“And we all know love is a deceptive glass that can make even a monster appear fascinating.”

Adriana’s mother is furious when they get engaged but comforts herself with the belief that they will never marry when she discovers they have slept together.

This cynical attitude towards men runs through the novel in parallel with a vision of love which is immune to such realism. The former is best exemplified by Adriana’s friend, Gisella, who also believes Gino will never marry her. Gisella introduces Adriana to a ‘gentleman’ who “takes an interest” in her, Astarita. What seems a casual day out with Gisella, her own ‘gentleman’, Riccardo, and Astarita, is in fact a carefully planned trap to allow Astarita to seduce Adriana – and, when seduction doesn’t work, to blackmail her instead:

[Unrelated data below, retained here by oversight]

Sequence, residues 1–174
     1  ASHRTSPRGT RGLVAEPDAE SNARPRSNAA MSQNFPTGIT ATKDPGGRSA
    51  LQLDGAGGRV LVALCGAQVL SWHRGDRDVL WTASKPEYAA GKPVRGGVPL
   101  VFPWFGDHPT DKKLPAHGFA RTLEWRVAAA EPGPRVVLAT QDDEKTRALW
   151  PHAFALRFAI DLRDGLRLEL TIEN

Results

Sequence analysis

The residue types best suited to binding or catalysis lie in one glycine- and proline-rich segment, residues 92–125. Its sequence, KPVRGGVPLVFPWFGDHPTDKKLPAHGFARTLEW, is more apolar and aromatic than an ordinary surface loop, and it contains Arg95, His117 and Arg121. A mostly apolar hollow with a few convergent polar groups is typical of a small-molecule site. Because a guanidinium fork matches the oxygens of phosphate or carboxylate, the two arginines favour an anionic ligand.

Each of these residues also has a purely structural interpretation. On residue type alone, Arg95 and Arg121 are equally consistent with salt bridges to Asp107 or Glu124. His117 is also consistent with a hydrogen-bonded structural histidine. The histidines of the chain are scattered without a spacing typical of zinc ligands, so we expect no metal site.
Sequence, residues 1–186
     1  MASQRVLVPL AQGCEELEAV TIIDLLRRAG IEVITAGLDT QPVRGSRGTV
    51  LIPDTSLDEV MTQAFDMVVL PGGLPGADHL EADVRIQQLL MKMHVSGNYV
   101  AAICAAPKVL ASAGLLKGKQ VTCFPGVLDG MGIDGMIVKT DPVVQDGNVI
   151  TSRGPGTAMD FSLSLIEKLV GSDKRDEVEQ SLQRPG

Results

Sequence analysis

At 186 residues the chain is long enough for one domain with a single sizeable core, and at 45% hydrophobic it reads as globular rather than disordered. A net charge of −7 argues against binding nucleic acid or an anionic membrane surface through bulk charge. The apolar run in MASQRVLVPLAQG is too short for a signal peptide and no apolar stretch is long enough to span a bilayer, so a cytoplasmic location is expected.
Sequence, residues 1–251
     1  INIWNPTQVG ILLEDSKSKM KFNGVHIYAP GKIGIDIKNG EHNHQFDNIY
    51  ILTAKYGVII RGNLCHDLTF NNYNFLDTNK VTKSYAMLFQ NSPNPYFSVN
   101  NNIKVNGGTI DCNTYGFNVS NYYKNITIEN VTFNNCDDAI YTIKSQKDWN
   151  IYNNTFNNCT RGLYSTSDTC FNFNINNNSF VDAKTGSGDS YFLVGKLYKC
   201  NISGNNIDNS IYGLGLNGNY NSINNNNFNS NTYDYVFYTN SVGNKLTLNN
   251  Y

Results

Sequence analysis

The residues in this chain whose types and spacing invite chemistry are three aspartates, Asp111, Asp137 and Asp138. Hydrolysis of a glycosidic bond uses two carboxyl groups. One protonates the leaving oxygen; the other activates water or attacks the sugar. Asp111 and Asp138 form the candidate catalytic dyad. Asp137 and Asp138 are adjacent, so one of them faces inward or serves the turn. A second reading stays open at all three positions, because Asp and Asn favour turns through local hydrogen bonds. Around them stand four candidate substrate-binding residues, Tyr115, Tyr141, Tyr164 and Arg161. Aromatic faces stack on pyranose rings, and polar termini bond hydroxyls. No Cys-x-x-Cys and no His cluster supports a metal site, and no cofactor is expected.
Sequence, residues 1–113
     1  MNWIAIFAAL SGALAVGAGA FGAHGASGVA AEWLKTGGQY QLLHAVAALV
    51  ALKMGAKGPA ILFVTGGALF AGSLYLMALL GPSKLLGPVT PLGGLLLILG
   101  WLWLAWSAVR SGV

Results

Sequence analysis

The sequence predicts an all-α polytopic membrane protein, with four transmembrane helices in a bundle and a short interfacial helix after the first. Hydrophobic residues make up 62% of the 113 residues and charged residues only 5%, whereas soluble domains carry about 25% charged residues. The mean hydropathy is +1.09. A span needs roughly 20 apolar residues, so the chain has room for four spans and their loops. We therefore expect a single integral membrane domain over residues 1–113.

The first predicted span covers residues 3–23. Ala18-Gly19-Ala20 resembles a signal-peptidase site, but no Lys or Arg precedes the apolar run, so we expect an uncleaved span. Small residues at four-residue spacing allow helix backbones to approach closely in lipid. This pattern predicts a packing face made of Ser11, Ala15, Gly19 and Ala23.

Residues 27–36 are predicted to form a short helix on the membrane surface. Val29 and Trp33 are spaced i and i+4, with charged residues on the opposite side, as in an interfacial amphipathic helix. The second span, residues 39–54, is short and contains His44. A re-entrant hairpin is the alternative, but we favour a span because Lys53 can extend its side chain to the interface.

“Come on… Otherwise I’ll tell Gino that you came out with us today and let me make love to you.”

Even as this happens, Adriana is aware that it is a turning point in her life:

“A flash of intuition seemed to light up the whole future path of my life, as a rule so dark and torturous, and reveal it straight and clear before my eyes, showing me in that single moment what I would lose in exchange for Astarita’s silence.”

Soon after, Adriana begins to live of her ‘capital’, picking up men and sleeping with them for money.

At this point, one might ask what Moravia thinks of all this. Adriana is not driven to prostitution by desperation, but by her understanding of the alternatives: the happy marriage she once dreamed of seems increasingly unlikely; slaving away for little reward like her mother, unpalatable. Adriana’s choices are limited by her poverty, a theme Moravia frequently returns to. When Gino takes her to his employer’s home (he is a chauffeur) she immediately feels inadequate – only when she is naked is she equal to the woman of the house:

“Naked, I though, I would be as beautiful, if not more beautiful, than Gino’s mistress and all the other rich women in the world.”